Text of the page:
Architecture sets out how services fit together

How and why NHS Connecting for Health (NHS CFH) is creating a service-based enterprise architecture was explained by Jagdip Grewal, chief technical architect of NHS CFH, at the BCSHIF's April meeting. Helen Boddy reports.

Jagdip Grewal 'An enterprise architecture (EA) based on a service based model allows stakeholders to understand how everything fits together in the NHS,' said Jagdip. 'It means we all also use a common language; suppliers often have different terminology to us and this standardises what we mean.' 

In drawing up the enterprise architecture, NHS CFH defined a set of architecture domains for integration, security, channels, local and enterprises services.

Across these domains are a set of principles, standards, policies and guidelines (PSPG), and each domain consists of a set of conceptual services. These define at a high level what NHS CFH is trying to achieve for the customer in terms of business (e.g. care management) or technical services (e.g. national integration).

'We've taken our services and assumed the key thing is the customer,' said Jagdip. 'When we give the application to the user we have to know how it fits together for the user. We have to talk the same language. We took the high level aims and mapped them out.'

The NHS enterprise architecture is being drawn up so that it aligns with the cross government EA. This will help interaction with other government services involved in healthcare.

The conceptual services - business services at the top level - map back to  requirements. These conceptual services were then grouped into logical applications (e.g. patient administration) for specific areas. The physical instances of these logical applications are the systems deployed by our suppliers.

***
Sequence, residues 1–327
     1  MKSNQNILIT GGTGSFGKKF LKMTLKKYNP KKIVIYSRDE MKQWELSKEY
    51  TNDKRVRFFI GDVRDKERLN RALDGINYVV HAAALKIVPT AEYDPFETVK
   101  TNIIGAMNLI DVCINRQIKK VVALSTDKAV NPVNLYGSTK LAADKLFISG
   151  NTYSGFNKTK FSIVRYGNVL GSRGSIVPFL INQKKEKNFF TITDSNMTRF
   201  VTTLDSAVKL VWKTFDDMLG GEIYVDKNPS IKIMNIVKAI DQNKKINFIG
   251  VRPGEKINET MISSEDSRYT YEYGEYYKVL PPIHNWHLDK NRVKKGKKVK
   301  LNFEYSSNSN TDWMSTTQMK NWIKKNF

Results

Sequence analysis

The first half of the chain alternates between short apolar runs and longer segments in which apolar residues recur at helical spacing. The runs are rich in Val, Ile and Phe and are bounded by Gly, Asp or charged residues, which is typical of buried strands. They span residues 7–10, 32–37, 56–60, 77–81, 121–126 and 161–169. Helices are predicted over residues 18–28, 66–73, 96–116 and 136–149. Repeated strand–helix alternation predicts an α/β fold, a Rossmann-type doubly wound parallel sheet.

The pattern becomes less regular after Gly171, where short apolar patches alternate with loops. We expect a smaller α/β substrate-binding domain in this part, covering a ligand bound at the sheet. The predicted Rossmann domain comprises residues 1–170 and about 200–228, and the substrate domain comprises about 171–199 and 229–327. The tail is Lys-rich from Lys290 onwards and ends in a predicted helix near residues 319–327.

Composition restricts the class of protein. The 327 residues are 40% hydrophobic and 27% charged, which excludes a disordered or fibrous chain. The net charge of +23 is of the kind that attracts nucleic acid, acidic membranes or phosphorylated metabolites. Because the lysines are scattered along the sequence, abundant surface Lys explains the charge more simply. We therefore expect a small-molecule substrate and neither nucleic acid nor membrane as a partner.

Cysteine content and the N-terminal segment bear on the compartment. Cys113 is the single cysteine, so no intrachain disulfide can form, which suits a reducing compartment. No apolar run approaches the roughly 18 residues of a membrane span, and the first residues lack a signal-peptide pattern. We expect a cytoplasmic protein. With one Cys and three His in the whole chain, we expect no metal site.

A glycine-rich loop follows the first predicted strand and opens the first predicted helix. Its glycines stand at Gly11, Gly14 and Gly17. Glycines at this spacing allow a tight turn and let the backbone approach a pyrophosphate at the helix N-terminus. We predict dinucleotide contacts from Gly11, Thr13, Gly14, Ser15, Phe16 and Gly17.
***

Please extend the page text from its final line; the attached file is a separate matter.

Once the way forward has been modelled, suppliers can be mapped onto the architecture and their conformance to PSPG evaluated. Standards are key for the technical service level.

'We have to have standards that allow interaction between suppliers' systems,' said Jagdip. 'We will never just have one supplier so we need a way of joining them up. By including guidelines and standards in the architecture, it is also possible to easily see which suppliers are not up to speed yet.'

All supplier contracts are around standards, which have been chosen so that it is possible to achieve interoperability. That means:

  • use of ebXML (https, SOAP, xml);
  • use of SNOMED CT;
  • use of HL7 v3 and HL 7 CDA v2.

Once the standards were set, it was possible to give detailed specifications to the systems designers.

'We have adapted Health Language 7's Clinical Document Architecture but using an evolving strategy that aims to get everyone to the end point,' said Jagdip.

'We are using a set of templates to tell suppliers how to code the information. Not all suppliers will be able to fully code the information from day one, but over time all will reach the required standard. We will be in a mixed economy for many years, with thousands of systems going through upgrades. Thus using standards will enable us, over time, to increase the compatible coding of clinical information flows, which are necessary between systems in different care settings.'

He gave the example of GP Systems of Choice (GPSoC) where this is a national framework using standards. The NHS has to make sure it sets the right standards, and then encourage suppliers along the maturity path to achieve certain points over time.

'The use of open standards (ebXML and HL7) has enabled us to expand the number of suppliers to the programme. We have now integrated hundreds of suppliers through open standards implemented by our national service providers,' said Jagdip.

There are 13,900 instances of systems integrated to national services, which produce 120,000 prescription messages per day, 17,000 bookings for Choose & Book and 1.4 million demographic queries.

Integration of a huge number of deployed web services presents certain challenges as suppliers are often interacting with different versions of web services.

'We therefore have to be careful how we define the services and get the versioning right,' said Jagdip. 'You can't expect everyone to upgrade all at one time. We need evolution of services, not revolution.'